In my first decade writing Makefiles, I developed the bad habit of liberally using GNU Make’s extensions. I didn’t know the line between GNU Make and the portable features guaranteed by POSIX. Usually it didn’t matter much, but it would become an annoyance when building on non-Linux systems, such as on the various BSDs. I’d have to specifically install GNU Make, then remember to invoke it (i.e. as gmake) instead of the system’s make.

I’ve since become familiar and comfortable with make’s official specification, and I’ve spend the last year writing strictly portable Makefiles. Not only has are my builds now portable across all unix-like systems, my Makefiles are cleaner and more robust. Many of the common make extensions — conditionals in particular — lead to fragile, complicated Makefiles and are best avoided anyway. It’s important to be able to trust your build system to do its job correctly.

This tutorial should be suitable for make beginners who have never written their own Makefiles before, as well as experienced developers who want to learn how to write portable Makefiles.

In the future, if you want a job, you must be as unlike a machine as possible: creative, critical and socially skilled. So why are children being taught to behave like machines?

Our extensive use of Perl to build many of our internal services often comes as a surprise to many and we can understand why. Perl is a dinosaur among mainstream programming languages. It lacks the glamour that other, relatively younger languages have. There is also a common misconception in the programming world that modern software engineering practices cannot be followed with a language like Perl. In this post, we hope to debunk that myth. We want to give you a glimpse of the developer experience (DX) here at Semantics3 where we write a lot of Perl code but still manage to employ the latest engineering best-practices. We would like to highlight that we are able to do so with the help of a tool-chain written entirely in Perl.

This is a long — sorry not sorry! — written piece specifically about the high-level aspects of deployment: collaboration, safety, and pace. There's plenty to be said for the low-level aspects as well, but those are harder to generalize across languages and, to be honest, a lot closer to being solved than the high-level process aspects. I love talking about how teams work together, and deployment is one of the most critical parts of working with other people. I think it's worth your time to evaluate how your team is faring, from time to time.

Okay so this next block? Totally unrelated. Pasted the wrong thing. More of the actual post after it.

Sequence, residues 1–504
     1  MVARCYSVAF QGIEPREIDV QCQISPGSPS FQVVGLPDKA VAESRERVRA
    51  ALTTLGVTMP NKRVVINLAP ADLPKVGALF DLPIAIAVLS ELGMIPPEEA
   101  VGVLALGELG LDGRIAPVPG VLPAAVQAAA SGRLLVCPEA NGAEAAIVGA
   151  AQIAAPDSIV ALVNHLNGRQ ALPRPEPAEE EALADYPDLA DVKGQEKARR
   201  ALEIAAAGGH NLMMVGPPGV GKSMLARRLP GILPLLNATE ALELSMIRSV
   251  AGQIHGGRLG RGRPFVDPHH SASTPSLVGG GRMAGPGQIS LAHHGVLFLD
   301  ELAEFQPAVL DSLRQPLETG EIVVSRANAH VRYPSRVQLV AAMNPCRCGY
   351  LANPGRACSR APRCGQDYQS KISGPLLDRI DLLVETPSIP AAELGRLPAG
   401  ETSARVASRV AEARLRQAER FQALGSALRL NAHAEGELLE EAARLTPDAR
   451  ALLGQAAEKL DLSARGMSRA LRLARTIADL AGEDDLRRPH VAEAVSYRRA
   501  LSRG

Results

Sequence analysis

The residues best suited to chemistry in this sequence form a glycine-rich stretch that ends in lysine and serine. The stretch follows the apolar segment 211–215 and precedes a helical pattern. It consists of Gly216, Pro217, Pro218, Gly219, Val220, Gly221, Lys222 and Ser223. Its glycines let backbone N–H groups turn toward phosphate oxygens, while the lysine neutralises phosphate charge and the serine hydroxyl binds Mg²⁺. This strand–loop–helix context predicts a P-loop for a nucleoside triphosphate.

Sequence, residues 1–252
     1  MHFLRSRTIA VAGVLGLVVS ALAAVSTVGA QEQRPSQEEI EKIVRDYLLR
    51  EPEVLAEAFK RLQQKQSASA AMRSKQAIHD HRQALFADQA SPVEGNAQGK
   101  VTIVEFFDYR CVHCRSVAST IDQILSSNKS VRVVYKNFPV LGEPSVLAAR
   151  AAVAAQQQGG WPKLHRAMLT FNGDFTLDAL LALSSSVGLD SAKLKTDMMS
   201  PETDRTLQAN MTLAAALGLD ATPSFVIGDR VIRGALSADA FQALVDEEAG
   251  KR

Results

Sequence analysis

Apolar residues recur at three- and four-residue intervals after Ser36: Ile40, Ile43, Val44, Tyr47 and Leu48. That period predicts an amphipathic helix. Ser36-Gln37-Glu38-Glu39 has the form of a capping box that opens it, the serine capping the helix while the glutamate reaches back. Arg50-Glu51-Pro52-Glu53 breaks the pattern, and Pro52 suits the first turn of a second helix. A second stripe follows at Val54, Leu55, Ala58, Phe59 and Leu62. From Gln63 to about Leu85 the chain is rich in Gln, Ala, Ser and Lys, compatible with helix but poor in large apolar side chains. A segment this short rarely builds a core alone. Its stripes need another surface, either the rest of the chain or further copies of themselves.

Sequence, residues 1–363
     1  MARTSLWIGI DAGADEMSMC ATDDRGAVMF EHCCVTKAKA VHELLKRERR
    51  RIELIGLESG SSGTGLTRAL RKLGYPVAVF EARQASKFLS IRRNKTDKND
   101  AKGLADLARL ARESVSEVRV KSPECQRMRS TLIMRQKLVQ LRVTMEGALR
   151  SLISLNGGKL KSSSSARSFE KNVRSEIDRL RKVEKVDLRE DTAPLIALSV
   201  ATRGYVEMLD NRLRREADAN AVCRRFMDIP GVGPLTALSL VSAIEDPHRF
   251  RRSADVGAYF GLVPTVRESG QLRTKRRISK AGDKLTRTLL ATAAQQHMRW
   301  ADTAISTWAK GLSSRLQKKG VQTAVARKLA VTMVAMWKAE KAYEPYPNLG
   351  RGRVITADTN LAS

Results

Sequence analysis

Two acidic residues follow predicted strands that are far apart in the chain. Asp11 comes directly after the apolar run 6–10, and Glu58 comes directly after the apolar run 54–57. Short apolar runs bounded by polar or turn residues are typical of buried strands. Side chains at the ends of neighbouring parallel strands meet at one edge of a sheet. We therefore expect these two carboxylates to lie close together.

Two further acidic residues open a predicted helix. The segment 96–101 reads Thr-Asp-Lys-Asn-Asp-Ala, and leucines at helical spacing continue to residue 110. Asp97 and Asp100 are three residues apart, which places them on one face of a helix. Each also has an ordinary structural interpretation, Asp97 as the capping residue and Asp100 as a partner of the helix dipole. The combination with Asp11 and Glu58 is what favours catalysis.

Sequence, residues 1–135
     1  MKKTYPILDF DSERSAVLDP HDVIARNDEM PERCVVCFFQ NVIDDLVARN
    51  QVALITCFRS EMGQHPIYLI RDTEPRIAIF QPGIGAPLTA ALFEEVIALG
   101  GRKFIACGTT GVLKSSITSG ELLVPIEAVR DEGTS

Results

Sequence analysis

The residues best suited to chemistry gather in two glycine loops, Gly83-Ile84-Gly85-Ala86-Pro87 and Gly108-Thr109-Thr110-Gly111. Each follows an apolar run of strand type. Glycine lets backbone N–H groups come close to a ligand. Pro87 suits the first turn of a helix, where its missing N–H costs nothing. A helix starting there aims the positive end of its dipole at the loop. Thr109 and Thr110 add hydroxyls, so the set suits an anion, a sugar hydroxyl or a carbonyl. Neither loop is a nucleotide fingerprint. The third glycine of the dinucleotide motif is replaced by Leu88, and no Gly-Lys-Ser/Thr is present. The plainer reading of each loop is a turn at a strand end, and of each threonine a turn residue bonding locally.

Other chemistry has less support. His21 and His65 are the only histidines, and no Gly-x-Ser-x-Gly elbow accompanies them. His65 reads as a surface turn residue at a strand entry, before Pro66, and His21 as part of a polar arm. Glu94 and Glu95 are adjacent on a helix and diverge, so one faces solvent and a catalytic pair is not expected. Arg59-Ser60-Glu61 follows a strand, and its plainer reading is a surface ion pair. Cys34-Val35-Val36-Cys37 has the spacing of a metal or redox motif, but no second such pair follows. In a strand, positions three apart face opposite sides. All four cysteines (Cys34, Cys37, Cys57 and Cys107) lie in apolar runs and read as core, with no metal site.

Nest Labs, a home automation company acquired by Google in 2014, will disable some of its customers' home automation control devices in May. This move is causing quite a stir among people who purchased the $300 Revolv Hub devices—customers who reasonably expected that the promised "lifetime" of updates would enable the hardware they paid for to actually work, only to discover the manufacturer can turn their device into a useless brick when it so chooses.

I don’t know about you, but I’ve always been uncomfortable with Jenkins’ apparent statefulness. You set up your Jenkins server, configure it exactly as you want it, then DON’T TOUCH IT.

Fortunately I now have a solution. With a combination of Docker, Python’s Jenkins API modules, the Jenkins job builder Python module, and some orchestration using docker-compose, I can reproduce my Jenkins state at will from code and run it in isolated environments, improving in iterable, track-able steps.

This is a simple Bellman-Ford bot that uses the negative cycle detection feature of the algorithm to find favorable currency trades to make in forex markets (in this case we are targeting bitcoin/fiat/scryptcoin markets on btc-e and other exchanges).

Typically the trades the bot finds are less than 0.5% profit, will take 3 steps, and must be filled quickly to be profitable.

The USB Weather Data Receiver USB-WDE1 wirelessly receives data from various weather sensors of ELV at 868 MHz. The receiver is connected to a USB port on the computer, so no additional power supply is required. The data is transmitted via a simple serial ASCII protocol, which is well documented by ELV. The RasberryPi running Raspbian is used for the data acquisition allowing very little power consumption while being completely flexible.

If you've ever used git bisect, you know what an incredibly useful tool this is. It allows you to do a binary search through commits to find out which commit caused a particular error. Many people seem unaware of git bisect run ... which automates this even further, but it has a limitation: it won't let you find a particular error, it detects success or failure, that's all. So I decided to do something about that.

Backupninja allows you to coordinate system backup by dropping a few simple configuration files into /etc/backup.d/. Most programs you might use for making backups don't have their own configuration file format. Backupninja provides a centralized way to configure and schedule many different backup utilities. It allows for secure, remote, incremental filesytem backup (via rdiff-backup), compressed incremental data, backup system and hardware info, encrypted remote backups (via duplicity), safe backup of MySQL/PostgreSQL databases, subversion or trac repositories, burn CD/DVDs or create ISOs, incremental rsync with hardlinking.

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